That’s why world renowned nutritional scientist David Jenkins MD and his team of researchers undertook a study to find alternative ways to lower cholesterol through the use of specific foods. Entitled the ‘Portfolio Study,’ the findings of Dr. Jenkins have become a landmark in cholesterol research and management. The Portfolio Study took four groups of foods for which there is approval by the Food and Drug Administration for a reduced risk of heart disease health claim, and put them all into one diet to test the effects on cholesterol. The four food groups were almonds, soy foods, sticky fiber foods such as oats, barley, psyllium, okra and eggplant, and a plant sterol-enriched margarine. These foods were combined with other fruits and vegetables, and then studies were completed involving participants on the Portfolio diet, a good low-fat, low-cholesterol diet, or a low-fat, low-cholesterol diet with a statin drug (developed to reduce heart disease).
The tests had positive results on cholesterol in that the viscous fibers washed out the products of cholesterol metabolism (the bile acid in feces); the soy protein reduced cholesterol synthesis when compared to animal protein, and the almond was found to act like a combination of the others in that it has vegetable protein, a rich “good” fat, and some plant sterol.
All in all, participants on the Portfolio Study (also known as the “Garden of Eden” diet) experienced a 20% reduction in their total cholesterol and a 30% decrease in their bad LDL cholesterol levels – but that may have something to do with the fact that a whopping 100g of daily dietary fiber was ingested! However, what the study does prove beyond any doubt is that it is the food we eat that is the key to maintaining a healthy diet and, indeed, all we really need to prevent many of the illnesses mankind is afflicted with.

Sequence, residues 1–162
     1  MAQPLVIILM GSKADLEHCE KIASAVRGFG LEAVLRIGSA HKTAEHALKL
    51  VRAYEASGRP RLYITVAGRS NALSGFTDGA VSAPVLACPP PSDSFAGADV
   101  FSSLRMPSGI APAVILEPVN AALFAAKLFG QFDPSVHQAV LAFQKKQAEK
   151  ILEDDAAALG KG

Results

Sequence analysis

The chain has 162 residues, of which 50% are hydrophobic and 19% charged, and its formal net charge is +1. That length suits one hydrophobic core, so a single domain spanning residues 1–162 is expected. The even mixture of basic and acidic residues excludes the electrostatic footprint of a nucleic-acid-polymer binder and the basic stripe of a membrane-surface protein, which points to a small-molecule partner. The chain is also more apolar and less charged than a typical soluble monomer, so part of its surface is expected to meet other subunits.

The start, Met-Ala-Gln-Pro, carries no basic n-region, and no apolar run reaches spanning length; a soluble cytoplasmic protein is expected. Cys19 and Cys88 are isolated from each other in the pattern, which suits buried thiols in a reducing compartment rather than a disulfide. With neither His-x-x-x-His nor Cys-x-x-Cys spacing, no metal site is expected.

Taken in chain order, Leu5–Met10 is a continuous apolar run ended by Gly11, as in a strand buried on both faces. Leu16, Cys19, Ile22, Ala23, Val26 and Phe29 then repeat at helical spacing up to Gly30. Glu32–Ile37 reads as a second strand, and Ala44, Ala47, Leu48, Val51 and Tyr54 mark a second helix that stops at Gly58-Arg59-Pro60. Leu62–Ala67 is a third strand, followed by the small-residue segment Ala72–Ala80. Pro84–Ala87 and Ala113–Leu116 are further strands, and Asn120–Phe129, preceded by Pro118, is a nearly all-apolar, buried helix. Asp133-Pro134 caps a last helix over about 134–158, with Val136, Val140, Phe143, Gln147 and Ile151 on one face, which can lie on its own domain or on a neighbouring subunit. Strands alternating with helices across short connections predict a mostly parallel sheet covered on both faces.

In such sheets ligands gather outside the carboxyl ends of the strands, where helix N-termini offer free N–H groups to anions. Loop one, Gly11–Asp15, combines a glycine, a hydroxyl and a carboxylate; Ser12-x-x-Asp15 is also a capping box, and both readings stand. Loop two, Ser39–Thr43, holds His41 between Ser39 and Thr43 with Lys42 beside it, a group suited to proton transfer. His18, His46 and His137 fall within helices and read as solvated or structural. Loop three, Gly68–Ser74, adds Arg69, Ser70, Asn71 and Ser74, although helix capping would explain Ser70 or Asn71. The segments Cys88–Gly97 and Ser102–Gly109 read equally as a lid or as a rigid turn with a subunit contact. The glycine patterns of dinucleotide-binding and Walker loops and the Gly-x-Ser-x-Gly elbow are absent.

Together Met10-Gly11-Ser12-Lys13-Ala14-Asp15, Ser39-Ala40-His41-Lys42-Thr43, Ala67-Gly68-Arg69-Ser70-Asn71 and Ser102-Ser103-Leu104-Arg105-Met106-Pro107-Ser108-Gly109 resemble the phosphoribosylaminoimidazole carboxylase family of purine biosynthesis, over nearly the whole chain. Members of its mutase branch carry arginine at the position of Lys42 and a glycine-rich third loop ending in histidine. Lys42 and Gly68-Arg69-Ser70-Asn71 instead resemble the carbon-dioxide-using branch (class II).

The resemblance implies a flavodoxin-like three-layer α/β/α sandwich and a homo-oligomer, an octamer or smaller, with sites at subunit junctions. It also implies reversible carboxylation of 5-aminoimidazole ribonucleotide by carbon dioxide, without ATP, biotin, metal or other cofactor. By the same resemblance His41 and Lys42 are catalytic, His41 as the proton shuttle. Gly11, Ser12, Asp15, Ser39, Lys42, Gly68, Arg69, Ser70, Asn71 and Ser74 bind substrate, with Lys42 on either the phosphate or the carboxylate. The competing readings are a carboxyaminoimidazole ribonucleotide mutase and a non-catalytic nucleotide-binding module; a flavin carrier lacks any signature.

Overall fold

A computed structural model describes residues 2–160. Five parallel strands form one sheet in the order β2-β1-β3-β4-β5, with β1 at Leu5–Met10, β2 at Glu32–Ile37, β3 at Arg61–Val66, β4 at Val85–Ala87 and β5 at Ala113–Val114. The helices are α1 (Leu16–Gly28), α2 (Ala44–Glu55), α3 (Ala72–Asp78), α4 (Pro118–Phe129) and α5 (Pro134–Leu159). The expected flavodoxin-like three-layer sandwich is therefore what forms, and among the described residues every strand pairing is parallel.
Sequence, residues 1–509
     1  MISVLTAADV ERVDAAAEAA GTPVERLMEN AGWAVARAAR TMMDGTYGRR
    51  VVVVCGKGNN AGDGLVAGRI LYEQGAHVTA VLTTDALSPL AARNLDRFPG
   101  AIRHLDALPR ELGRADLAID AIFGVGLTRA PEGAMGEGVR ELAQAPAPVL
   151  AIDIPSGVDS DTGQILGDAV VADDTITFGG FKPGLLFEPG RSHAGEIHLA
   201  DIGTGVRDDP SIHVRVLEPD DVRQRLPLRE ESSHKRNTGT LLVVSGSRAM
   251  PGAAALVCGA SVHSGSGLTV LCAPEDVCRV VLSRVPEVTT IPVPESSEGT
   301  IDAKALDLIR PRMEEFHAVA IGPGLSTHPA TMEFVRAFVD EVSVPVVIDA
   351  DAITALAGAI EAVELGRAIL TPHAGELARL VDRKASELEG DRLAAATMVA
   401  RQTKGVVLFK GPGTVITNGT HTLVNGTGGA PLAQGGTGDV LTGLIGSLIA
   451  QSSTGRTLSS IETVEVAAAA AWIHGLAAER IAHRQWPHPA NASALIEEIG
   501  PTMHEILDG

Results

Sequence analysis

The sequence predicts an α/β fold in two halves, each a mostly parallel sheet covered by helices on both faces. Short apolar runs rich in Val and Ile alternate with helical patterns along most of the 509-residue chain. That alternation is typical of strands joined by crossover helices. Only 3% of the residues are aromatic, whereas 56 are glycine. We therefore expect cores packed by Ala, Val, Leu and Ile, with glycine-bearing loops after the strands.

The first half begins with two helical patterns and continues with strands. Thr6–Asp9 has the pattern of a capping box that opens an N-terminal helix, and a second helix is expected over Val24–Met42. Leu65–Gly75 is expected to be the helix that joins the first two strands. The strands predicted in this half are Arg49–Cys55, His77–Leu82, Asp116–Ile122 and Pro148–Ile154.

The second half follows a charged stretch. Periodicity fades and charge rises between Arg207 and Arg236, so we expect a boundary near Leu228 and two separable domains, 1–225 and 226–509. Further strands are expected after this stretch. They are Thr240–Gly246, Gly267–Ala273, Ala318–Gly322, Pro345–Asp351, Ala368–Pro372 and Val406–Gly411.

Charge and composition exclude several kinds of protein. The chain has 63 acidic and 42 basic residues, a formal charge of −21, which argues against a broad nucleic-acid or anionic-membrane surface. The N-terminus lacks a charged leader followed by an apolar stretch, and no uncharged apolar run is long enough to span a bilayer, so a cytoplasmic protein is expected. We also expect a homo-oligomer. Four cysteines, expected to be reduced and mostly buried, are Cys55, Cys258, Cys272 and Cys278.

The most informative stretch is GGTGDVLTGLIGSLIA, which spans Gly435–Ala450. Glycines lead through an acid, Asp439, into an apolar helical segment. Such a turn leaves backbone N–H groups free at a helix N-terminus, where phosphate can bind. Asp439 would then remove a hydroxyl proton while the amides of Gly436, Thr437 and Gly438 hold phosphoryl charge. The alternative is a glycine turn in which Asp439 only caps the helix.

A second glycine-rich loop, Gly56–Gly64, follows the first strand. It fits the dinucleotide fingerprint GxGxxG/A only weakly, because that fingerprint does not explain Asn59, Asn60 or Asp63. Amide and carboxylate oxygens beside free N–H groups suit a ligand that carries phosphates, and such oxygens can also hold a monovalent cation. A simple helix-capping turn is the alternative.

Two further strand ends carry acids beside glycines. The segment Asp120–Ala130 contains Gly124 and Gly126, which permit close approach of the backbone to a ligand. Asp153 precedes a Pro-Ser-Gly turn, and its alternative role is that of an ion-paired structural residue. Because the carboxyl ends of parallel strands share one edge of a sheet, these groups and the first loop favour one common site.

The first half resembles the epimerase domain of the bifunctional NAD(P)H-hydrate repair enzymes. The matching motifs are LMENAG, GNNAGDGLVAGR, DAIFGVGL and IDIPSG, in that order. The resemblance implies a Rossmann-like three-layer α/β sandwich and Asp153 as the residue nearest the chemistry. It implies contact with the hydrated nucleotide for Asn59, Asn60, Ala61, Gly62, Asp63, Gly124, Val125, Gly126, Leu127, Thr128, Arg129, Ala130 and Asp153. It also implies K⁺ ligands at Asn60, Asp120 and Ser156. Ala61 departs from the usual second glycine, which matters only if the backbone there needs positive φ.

As Dr. Jenkins is keen to point out, it’s lifestyle that affects our minds and bodies, and consequently our health. The way he sees it, our modern computer-age western world is making eating and living healthily harder and harder given our work, and leisure activities. Going back to a “caveman” way of life is obviously not an option, but at the heart of those early days was a simpler life based on plant foods. The evolution of hominoids (apes and humans) in all likelihood depended on plant-based (vegetarian) diets which would have been very high in fiber, low in saturated fats, lacking in cholesterol, with carbohydrate in dilute form, rich in micronutrients and phytochemicals, and with very low energy density.
Man then left the jungle and colonized the savannah, started eating meat, and then starch as the agricultural revolution kicked in 10,000 years ago. With this advance came diabetes, first described by the Egyptians. The industrial revolution and industrialization of food production and distribution then fulfilled our needs for energy conservation and the abundance of food. These advances came without the simultaneous evolution of the human genome, thus rendering us obese in the modern age when we are less active and have more food than we need. In other words, we are still programmed to store energy effectively, and our blood sugar levels are maintained even in starvation which is leading to increased diabetes in our western population.
And we are also now prone to greater levels of cholesterol when once there was none at all in pre-Neolithic times. In Dr. Jenkins’ words the metabolic problems of 21st century man are now “overwhelming” – but much could be done to alleviate this condition with greater awareness and effort in appreciating the role of plant-based foods, along with increasing our physical activity. In many ways the evolution of man has brought about a devolution in the way we live and utilize the purity of Natures abundant wealth of healthy life-affirming ingredients. It’s still all there, right in front of us. We just need to embrace the simplicity Nature offers us, and in many ways return to a simpler way of living to combat the ailments that so afflict us today.